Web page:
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The ideaEdit

It was a planned 1 man, single twin fan-bladed engine, flying, hover-platform of the late 1950s. The plan was to increase the US Army and US Marine Corps. mobility over things like ravines and mine fields.

DevelopmentEdit

Due to safety concerns the US army demanded a 2nd motor and 3rd propeller-rotor be added and left in idle until on of the others broke down. Eventually it was scrapped due to the risk that a GI could fall in to the active rotor-blades in use and die.

 The deviceEdit

A single twin fan-bladed engine, flying, hover-platform of the late 1950s. The drive mechanism was like a upside down helicopter rotor blade, with the GI standing above on a platform, controlling it from a controller panel like on the Bell Pogo.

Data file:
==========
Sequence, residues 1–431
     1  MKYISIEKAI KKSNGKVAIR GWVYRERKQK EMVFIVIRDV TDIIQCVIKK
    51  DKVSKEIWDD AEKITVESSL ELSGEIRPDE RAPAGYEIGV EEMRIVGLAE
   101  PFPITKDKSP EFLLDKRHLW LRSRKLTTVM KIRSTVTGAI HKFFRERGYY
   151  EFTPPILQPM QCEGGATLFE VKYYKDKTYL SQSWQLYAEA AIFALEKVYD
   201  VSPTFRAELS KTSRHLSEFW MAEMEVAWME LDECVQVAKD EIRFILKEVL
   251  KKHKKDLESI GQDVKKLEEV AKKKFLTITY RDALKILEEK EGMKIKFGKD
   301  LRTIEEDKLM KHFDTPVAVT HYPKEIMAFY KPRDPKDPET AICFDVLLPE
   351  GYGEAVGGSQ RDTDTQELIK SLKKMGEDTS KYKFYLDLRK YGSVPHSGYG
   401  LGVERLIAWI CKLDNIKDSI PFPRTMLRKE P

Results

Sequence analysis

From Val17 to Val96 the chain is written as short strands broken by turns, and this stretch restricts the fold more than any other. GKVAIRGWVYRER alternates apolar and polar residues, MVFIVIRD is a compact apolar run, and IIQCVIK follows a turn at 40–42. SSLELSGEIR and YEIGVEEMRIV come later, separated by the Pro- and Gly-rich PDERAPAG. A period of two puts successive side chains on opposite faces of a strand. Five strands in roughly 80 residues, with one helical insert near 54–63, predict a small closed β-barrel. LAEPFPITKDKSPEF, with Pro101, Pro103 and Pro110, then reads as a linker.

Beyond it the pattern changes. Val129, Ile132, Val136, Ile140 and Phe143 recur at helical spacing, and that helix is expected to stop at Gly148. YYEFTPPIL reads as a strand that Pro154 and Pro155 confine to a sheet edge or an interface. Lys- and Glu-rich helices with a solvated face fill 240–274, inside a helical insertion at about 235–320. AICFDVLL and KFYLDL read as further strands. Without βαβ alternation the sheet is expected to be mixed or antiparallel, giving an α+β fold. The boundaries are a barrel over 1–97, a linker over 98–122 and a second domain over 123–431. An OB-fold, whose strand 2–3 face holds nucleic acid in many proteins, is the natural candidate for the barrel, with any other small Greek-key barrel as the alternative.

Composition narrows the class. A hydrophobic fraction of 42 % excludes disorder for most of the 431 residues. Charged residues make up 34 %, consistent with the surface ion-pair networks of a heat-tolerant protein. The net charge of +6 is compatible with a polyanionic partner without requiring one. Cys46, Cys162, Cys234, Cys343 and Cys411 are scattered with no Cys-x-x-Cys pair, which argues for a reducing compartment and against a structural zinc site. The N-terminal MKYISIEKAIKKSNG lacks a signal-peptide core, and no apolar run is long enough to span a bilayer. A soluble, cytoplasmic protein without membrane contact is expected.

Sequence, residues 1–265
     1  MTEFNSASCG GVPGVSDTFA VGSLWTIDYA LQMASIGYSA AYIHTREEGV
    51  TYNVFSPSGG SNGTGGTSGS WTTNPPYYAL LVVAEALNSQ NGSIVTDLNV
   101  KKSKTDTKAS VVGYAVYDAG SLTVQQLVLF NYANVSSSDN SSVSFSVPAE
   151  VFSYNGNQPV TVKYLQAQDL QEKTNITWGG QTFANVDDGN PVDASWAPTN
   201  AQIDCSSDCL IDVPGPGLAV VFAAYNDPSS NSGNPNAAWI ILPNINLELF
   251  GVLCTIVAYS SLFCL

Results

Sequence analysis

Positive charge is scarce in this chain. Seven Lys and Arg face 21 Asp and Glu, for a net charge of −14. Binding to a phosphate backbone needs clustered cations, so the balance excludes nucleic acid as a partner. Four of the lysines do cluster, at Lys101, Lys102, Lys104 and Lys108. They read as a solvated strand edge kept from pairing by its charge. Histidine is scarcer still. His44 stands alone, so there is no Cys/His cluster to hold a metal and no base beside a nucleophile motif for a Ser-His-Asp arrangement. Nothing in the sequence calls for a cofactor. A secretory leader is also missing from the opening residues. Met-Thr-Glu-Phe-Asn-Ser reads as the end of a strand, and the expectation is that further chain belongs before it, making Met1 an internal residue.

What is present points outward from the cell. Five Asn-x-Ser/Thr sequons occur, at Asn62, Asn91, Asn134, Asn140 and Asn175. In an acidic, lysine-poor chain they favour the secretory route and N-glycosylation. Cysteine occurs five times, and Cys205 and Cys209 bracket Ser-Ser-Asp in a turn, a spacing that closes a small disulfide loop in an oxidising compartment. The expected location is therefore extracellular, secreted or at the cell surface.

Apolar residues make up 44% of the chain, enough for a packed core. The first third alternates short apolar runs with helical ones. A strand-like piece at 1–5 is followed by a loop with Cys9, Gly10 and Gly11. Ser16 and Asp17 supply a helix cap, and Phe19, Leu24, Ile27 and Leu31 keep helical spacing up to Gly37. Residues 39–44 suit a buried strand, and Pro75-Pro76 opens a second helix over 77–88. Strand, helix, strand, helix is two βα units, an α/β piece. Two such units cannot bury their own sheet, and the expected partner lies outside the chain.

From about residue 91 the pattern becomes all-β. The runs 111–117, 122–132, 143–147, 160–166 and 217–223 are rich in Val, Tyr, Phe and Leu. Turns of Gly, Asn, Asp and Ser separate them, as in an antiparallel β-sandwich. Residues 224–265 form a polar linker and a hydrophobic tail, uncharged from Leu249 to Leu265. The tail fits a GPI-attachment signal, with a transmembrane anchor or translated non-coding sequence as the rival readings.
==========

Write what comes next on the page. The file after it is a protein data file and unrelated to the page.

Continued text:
The "Basic US GI factor"Edit

It was assumed by the US Army that a 19 year old recruit with only basic training must be able to use the kit after a brief chat and couple of demonstrations without killing or seriously injuring him self or others. It was thought to be to complex.

StatsEdit

  • Crew- 1
  • Speed- Intended to be slow.
  • Flying height- Intended to be low.

Also seeEdit

  1. Bell Textron Rocket Belt
  2. North American X-15
  3. Bell Rocket Belt
  4. Avro Flying Car
  5. Bell Jet Belt
  6. Bell Helli-jeep
  7. Moor 1969 Jet Pack
  8. Bell Pogo
  9. KGB Chita Jet Belt
  10. Small Rocket Lift Device (SRLD)
  11. RB2000 Rocket Belt
  12. Temco TT Pinto
  13. Lockheed X-17
  14. Bell X-1
  15. North American X-15
  16. Hiller Flying Platform

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